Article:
Sean Penn’s Into The Wild (2007) gets an arthouse update in Wilcox, a tale of isolation in the great Canadian wilderness. The second film from Quebec auteur Denis Côté this year after Ghost Town Anthology, it’s a quiet, modest effort that doubles down on his increasingly minimalist approach.
Looking like a runaway member of the army in his khaki clothes, huge backpack and high boots, Wilcox (Guillaume Tremblay) trudges around the countryside, living in the moment and connecting with nature. Breaking into either abandoned or at least unfurnished homes, stealing from the supermarket or relying on the kindness of strangers, Wilcox is a man who lives entirely off other’s contributions. He meets many local, older men, and judging from the smiles on their faces, it’s evident that they get along well. But as we never hear anyone speak, we can never tell for sure.
Wilcox is presented as a film with no dialogue, which didn’t quite prepare me for how quiet it actually is. In fact, the film barely features any diegetic sound at all, Côté overlaying most scenes with a light ambient hum. The camera palette is both filled with light and rather smudgy, as if someone has rubbed their greasy finger over the lens. It gives the film both a dreamlike feel and a distancing effect, forcing the viewer to project themselves onto the story instead of being swept up by it. In addition, brief archival clips of a tortoise with a rabbit, and a man with facial scars are inserted into the story like something from a dream, adding unnecessary flourishes that may increase the film’s artistic cache but did little to invest me emotionally in its story. These aesthetic choice may hamper Wilcox‘s chances of hitting cinemas, but it fittingly stresses his isolation, and perhaps makes it a perfect choice for a feature length installation piece.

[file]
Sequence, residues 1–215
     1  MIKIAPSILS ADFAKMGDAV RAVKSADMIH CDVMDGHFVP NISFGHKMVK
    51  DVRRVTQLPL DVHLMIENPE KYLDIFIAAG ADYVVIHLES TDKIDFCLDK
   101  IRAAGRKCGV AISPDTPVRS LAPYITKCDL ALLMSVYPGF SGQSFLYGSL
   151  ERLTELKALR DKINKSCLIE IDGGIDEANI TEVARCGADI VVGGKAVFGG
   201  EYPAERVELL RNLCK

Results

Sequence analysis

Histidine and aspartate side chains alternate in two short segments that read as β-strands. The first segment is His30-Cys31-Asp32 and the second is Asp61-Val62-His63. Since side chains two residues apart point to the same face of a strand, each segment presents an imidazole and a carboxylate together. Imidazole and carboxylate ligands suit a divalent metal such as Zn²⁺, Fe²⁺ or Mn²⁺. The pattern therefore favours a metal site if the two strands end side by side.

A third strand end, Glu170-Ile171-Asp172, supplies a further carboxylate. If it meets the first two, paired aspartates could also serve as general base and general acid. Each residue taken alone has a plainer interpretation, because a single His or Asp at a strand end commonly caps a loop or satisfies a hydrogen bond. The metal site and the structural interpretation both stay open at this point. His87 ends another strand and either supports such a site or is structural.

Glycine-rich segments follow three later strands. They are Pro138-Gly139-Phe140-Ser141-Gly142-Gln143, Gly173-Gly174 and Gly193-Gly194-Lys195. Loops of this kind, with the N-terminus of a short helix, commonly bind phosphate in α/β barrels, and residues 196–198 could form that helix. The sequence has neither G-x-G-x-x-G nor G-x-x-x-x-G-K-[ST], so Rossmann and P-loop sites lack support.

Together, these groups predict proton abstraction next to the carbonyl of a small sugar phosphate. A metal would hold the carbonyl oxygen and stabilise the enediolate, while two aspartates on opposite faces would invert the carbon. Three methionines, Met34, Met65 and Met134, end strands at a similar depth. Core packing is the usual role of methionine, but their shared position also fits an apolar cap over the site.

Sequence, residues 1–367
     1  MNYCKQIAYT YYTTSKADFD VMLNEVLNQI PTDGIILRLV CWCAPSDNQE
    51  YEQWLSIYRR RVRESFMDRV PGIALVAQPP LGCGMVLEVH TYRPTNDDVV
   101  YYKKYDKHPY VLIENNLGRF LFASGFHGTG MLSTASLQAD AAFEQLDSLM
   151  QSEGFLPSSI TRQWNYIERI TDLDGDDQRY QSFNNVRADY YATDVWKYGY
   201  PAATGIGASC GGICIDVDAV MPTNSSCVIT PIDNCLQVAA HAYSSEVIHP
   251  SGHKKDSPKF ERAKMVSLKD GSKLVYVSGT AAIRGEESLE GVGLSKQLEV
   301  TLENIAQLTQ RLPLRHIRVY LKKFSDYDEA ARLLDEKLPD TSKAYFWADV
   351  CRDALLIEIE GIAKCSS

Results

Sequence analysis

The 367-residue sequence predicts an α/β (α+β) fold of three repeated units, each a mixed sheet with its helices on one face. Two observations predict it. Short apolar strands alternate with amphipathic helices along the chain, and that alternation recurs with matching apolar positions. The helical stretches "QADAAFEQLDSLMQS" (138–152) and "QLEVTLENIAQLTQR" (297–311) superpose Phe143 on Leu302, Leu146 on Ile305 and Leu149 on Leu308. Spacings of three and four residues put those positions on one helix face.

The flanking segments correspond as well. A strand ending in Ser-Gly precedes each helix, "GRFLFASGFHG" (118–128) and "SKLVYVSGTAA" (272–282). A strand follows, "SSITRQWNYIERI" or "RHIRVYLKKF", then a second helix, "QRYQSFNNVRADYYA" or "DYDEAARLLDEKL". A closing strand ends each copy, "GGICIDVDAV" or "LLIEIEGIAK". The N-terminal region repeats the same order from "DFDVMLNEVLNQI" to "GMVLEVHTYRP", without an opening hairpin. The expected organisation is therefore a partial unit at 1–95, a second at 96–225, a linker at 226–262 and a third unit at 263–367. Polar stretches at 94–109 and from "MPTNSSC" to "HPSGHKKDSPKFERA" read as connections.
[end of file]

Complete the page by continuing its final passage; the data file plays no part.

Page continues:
As we never hear Wilcox speak, we never know the reasons for his journey. Despite the film’s attention to detail — such as the tragic looking tinned food he eats, the way he sets up a tent for the night, and how he opens windows of other people’s houses — he is more an idea representing social isolation than a fully rounded man in and of himself. This seems to be Côte’s intention, rarely editorialising but allowing the main chunk of the story to speak for itself.
Nonetheless, the beginning and the end of the movie is bookmarked with short texts telling us of North American explorers who abandoned the civilised world and ended up either dead, missing or in jail. These include Christopher McCandless of Into The Wild-fame and Lillian Alling, a Russian expat who tried to walk back home to Siberia, and was last seen about to cross the Bering strait. Wilcox is presented as both compendium and tribute to these daring souls. Nonetheless, by lacking the drive of either McCandless or Alling, Wilcox is a hard man empathise with, making this a fascinating aesthetic experiment which lacks in truly emotive drama.
Wilcox premiered at the Locarno Film Festival, when this piece was originally written. It shows in October at the Cambridge Film Festival.